SimpleAudioPlayer

import java.io.File;
import java.io.FileInputStream;
import java.io.IOException;

import javax.sound.sampled.AudioFormat;
import javax.sound.sampled.AudioInputStream;
import javax.sound.sampled.AudioSystem;
import javax.sound.sampled.DataLine;
import javax.sound.sampled.LineUnavailableException;
import javax.sound.sampled.SourceDataLine;

import com.fgm.javaUtils.FileUtils;

public class SimpleAudioPlayer {
	private static final int	EXTERNAL_BUFFER_SIZE = 128000;

	public static void main(String[] args)
	{
		FileInputStream fis = null;
		String strFilename = FileUtils.getInputFileName(System.getProperty("user.dir")+"/assets");
		File	soundFile = new File(strFilename);

		/*
		  We have to read in the sound file.
		*/
		AudioInputStream	audioInputStream = null;
		try
		{
			audioInputStream = AudioSystem.getAudioInputStream(soundFile);
		}
		catch (Exception e)
		{
			/*
			  In case of an exception, we dump the exception
			  including the stack trace to the console output.
			  Then, we exit the program.
			*/
			e.printStackTrace();
			System.exit(1);
		}

		/*
		  From the AudioInputStream, i.e. from the sound file,
		  we fetch information about the format of the
		  audio data.
		  These information include the sampling frequency,
		  the number of
		  channels and the size of the samples.
		  These information
		  are needed to ask Java Sound for a suitable output line
		  for this audio file.
		*/
		AudioFormat	audioFormat = audioInputStream.getFormat();

		/*
		  Asking for a line is a rather tricky thing.
		  We have to construct an Info object that specifies
		  the desired properties for the line.
		  First, we have to say which kind of line we want. The
		  possibilities are: SourceDataLine (for playback), Clip
		  (for repeated playback)	and TargetDataLine (for
		  recording).
		  Here, we want to do normal playback, so we ask for
		  a SourceDataLine.
		  Then, we have to pass an AudioFormat object, so that
		  the Line knows which format the data passed to it
		  will have.
		  Furthermore, we can give Java Sound a hint about how
		  big the internal buffer for the line should be. This
		  isn't used here, signaling that we
		  don't care about the exact size. Java Sound will use
		  some default value for the buffer size.
		*/
		SourceDataLine	line = null;
		DataLine.Info	info = new DataLine.Info(SourceDataLine.class,
												 audioFormat);
		try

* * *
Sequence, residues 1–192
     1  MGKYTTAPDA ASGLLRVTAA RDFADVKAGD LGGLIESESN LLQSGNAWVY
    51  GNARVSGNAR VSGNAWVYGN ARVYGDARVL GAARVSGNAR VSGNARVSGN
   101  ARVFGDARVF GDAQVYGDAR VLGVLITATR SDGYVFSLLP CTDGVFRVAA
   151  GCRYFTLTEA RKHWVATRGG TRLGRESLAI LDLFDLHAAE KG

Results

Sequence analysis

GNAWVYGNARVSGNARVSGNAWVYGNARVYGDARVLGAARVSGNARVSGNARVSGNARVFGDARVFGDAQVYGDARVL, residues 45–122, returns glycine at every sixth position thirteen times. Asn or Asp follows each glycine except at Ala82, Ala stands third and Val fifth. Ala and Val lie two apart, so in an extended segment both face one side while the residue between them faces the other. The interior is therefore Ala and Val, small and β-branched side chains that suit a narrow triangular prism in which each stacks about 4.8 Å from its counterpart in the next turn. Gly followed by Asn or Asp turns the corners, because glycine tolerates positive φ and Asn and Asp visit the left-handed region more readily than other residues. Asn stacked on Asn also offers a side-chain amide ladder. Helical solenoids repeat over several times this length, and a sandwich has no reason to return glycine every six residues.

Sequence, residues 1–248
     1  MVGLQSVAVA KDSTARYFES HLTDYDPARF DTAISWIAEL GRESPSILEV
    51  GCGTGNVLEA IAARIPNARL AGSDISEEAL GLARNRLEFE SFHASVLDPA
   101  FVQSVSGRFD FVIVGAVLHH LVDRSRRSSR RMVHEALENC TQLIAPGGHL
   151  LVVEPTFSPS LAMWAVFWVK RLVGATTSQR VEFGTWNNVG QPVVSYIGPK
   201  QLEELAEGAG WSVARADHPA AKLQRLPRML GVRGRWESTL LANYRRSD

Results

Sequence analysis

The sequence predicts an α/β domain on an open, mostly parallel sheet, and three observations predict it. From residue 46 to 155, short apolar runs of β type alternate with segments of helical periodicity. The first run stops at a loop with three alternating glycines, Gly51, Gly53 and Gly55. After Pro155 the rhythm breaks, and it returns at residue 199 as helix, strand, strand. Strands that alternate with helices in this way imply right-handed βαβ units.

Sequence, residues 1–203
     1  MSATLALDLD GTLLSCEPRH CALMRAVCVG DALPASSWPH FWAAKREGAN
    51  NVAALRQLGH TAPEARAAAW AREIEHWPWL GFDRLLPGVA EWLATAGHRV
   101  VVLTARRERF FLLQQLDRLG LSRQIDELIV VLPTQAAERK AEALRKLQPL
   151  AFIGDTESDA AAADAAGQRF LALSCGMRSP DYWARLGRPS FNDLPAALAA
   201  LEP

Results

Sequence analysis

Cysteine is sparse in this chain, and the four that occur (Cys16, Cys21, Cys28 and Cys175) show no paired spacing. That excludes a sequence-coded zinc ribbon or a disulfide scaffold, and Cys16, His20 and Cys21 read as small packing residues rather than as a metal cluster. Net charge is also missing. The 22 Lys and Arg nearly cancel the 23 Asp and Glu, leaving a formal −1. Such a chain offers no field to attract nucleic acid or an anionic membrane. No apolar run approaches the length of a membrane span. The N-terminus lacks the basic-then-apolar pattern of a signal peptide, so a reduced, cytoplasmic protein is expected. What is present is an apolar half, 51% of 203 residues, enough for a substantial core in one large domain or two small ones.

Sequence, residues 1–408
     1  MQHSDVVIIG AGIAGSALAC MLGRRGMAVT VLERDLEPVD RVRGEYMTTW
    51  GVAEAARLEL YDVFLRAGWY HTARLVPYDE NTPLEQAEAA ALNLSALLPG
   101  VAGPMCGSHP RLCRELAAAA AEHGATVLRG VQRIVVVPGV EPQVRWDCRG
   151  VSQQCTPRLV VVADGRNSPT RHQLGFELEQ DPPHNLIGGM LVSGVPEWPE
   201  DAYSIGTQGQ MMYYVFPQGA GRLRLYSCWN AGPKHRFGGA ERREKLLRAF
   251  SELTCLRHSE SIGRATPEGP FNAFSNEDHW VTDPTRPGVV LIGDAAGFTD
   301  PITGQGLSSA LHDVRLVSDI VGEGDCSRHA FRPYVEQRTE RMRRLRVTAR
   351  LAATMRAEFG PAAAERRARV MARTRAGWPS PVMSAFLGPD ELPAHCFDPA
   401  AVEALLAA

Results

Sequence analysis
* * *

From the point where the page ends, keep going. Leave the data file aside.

{
			line = (SourceDataLine) AudioSystem.getLine(info);

			/*
			  The line is there, but it is not yet ready to
			  receive audio data. We have to open the line.
			*/
			line.open(audioFormat);
		}
		catch (LineUnavailableException e)
		{
			e.printStackTrace();
			System.exit(1);
		}
		catch (Exception e)
		{
			e.printStackTrace();
			System.exit(1);
		}

		/*
		  Still not enough. The line now can receive data,
		  but will not pass them on to the audio output device
		  (which means to your sound card). This has to be
		  activated.
		*/
		line.start();

		/*
		  Ok, finally the line is prepared. Now comes the real
		  job: we have to write data to the line. We do this
		  in a loop. First, we read data from the
		  AudioInputStream to a buffer. Then, we write from
		  this buffer to the Line. This is done until the end
		  of the file is reached, which is detected by a
		  return value of -1 from the read method of the
		  AudioInputStream.
		*/
		int	nBytesRead = 0;
		byte[]	abData = new byte[EXTERNAL_BUFFER_SIZE];
		while (nBytesRead != -1)
		{
			try
			{
				nBytesRead = audioInputStream.read(abData, 0, abData.length);
			}
			catch (IOException e)
			{
				e.printStackTrace();
			}
			if (nBytesRead >= 0)
			{
				int	nBytesWritten = line.write(abData, 0, nBytesRead);
			}
		}

		/*
		  Wait until all data are played.
		  This is only necessary because of the bug noted below.
		  (If we do not wait, we would interrupt the playback by
		  prematurely closing the line and exiting the VM.)

		  Thanks to Margie Fitch for bringing me on the right
		  path to this solution.
		*/
		line.drain();

		/*
		  All data are played. We can close the shop.
		*/
		line.close();

		/*
		  There is a bug in the jdk1.3/1.4.
		  It prevents correct termination of the VM.
		  So we have to exit ourselves.
		*/
		System.exit(0);
	}

	private static void printUsageAndExit()
	{
		out("SimpleAudioPlayer: usage:");
		out("\tjava SimpleAudioPlayer ");
		System.exit(1);
	}

	private static void out(String strMessage)
	{
		System.out.println(strMessage);
	}
}
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